Monday, 28 September 2015
River Finn. Ballybofey-Stranorlar. Central Donegal. The End.
I've held this one back until last. This was a day when we didn't have a lot of spare time to climb a hill but did have a few hours in the afternoon to go a pleasant circular walk around the Finn Valley. We drove to Balleybofey-Stranorlar, two small towns that seem to run into each other but the boundary line appears to be the river. Above is a swollen River Finn that bursts its banks occasionally during extended heavy rainfall into the surrounding fields.
None of that mundane stuff here.
This link is interesting as it mentions an ancient myth in many cultures, including Irish, about a great eye that can destroy armies and wither the land. No surprise then, given J.R.R. Tolkien's knowledge of that subject ( well read and an expert in ancient mythology and medieval history) that it reappears as the main foe in the Lord of the Rings. Inspiration does not emerge from a vacuum.. but maybe a vacuum cleaner that sucks up everything learned during a lifetime then transforms it in a new way for a modern audience.
"Looks like cat vomit. " was Alex's opinion. "You're not going to eat all that?"
(The bowl has a deep middle section meant for soup so it's a larger portion than it looks here.)
I mention this because I scoffed the lot and it was delicious. So good I had it again the next night.
By comparison Alex and myself were on a walking trip a couple of summers ago and came off the hills starving, wanting a chip supper at a popular Scottish west coast tourist hot spot that shall remain nameless here, but one with a lot of passing trade. I had a steak pie supper, Alex had a hamburger supper and despite being hungry as a Derry cow we only had half of it before leaving it in disgust at how bad it was. There was a large bin on the premises and I opened it to toss in the leftovers only to find it was nearly full to the brim with other half eaten chip suppers of all varieties so it wasn't just our opinion of the meals on offer.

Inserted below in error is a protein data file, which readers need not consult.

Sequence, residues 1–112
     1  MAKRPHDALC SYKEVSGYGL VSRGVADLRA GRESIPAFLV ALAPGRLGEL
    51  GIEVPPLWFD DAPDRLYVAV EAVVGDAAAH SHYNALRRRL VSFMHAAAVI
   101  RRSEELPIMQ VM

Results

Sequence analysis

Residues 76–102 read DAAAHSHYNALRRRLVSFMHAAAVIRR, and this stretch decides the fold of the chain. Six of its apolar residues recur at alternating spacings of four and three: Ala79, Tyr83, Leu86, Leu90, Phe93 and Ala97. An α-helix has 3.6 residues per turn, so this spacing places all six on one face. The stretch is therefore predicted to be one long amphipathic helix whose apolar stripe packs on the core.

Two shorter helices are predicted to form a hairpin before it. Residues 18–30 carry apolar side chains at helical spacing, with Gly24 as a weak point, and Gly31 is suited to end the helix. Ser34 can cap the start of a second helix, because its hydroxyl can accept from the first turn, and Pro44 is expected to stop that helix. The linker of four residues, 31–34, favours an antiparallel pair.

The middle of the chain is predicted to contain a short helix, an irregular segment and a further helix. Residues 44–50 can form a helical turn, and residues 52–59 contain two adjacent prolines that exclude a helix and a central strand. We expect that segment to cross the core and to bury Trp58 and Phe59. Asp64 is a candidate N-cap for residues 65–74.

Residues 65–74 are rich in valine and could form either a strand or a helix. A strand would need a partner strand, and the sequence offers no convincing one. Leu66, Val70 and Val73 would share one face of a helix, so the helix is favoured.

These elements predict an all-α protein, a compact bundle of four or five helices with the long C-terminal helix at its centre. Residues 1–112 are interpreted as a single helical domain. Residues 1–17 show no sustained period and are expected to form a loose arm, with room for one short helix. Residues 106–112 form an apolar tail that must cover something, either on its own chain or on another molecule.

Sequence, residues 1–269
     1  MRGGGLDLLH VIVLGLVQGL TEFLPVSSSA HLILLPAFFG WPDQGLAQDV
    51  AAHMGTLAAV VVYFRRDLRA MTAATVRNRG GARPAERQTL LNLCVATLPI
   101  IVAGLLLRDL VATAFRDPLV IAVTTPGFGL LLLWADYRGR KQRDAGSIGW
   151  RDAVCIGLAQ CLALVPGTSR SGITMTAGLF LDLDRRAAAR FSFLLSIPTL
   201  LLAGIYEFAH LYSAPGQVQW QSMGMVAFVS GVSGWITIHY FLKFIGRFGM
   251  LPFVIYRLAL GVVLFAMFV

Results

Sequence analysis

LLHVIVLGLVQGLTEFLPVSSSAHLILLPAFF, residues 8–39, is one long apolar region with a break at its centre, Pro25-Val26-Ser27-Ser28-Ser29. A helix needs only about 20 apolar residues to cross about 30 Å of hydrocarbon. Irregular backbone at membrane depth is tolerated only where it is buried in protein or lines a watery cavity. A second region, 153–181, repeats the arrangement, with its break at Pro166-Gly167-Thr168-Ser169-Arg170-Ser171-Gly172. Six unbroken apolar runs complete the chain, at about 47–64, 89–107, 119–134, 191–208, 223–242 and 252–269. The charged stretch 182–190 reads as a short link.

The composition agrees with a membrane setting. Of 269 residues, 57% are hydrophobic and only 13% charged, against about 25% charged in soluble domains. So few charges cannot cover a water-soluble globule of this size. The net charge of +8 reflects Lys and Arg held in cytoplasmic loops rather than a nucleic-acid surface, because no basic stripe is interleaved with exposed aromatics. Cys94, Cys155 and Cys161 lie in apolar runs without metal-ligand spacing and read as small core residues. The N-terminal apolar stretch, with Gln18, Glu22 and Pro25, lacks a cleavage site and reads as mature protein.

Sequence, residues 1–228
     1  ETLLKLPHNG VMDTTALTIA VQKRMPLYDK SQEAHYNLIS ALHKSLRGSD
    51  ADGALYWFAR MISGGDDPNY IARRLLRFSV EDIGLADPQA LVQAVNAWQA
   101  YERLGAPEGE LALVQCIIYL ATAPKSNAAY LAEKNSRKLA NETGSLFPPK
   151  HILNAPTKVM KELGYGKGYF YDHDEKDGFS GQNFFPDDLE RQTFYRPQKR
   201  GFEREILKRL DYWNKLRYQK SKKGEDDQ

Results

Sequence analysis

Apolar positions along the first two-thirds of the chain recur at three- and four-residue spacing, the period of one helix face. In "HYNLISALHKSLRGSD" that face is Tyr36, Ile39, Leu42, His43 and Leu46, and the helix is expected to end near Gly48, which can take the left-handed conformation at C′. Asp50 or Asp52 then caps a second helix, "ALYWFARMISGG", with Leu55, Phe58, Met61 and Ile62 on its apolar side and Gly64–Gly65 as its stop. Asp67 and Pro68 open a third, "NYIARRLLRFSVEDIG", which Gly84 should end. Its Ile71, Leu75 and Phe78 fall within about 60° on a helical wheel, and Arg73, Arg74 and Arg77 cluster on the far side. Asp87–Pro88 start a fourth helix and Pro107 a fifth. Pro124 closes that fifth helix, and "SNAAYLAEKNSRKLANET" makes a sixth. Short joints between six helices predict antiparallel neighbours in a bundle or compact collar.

That is a true story and not very helpful for the Scottish tourist board's attempts to promote Scotland. I'm the last person to want posh food as I like cheap and cheerful stuff like Greggs sausage rolls or buns but surely there should be a decent lower standard of chip shop that should at least serve edible and tasty food as it's far from the first time I've had very poor chip suppers north of Glasgow or even in the city itself and throughout the central belt. This has been going on all my life and it's a lucky dip if you get a good one in an unfamiliar place. I don't want all of them to be excellent as you will always get a range but surely tossing away good food because it's so grim you can't eat it after you have paid for it is not acceptable. There are many excellent chip shops throughout Scotland in every area and it might be a difficult industry to earn a living in ( although many of the worse places still seem to stay open alas :o) but it does not create a good impression of Scotland. As I've mentioned before I've not had a bad chip supper yet throughout the English Lake District in different areas and valleys. As a proud Scot it hurts me to say that but it's true.
So my question is... How hard can it be to put out decent chip suppers of a reasonable standard as you would think even the bad ones would improve over time with experience, like in any other profession. This is a serious question. From a personal point of view if I opened a bin to find most of the food I cooked was being thrown away I would either think I wasn't cut out to be a fryer or I'd make sure I learned how to get better fast.
This is a puzzle I've yet to solve as takeaway chip suppers are the No 1 takeaway food I indulge in on trips away if I don't have my usual donkey chunks in the tent and luckily my local chip shop is excellent but why does the standard vary so much? If I buy a Greggs hot sausage roll I know what to expect every time. It doesn't change. Likewise, my favourite camp grub of heated up donkey chunks from a tin.
Not angry.. just disappointed... and genuinely puzzled.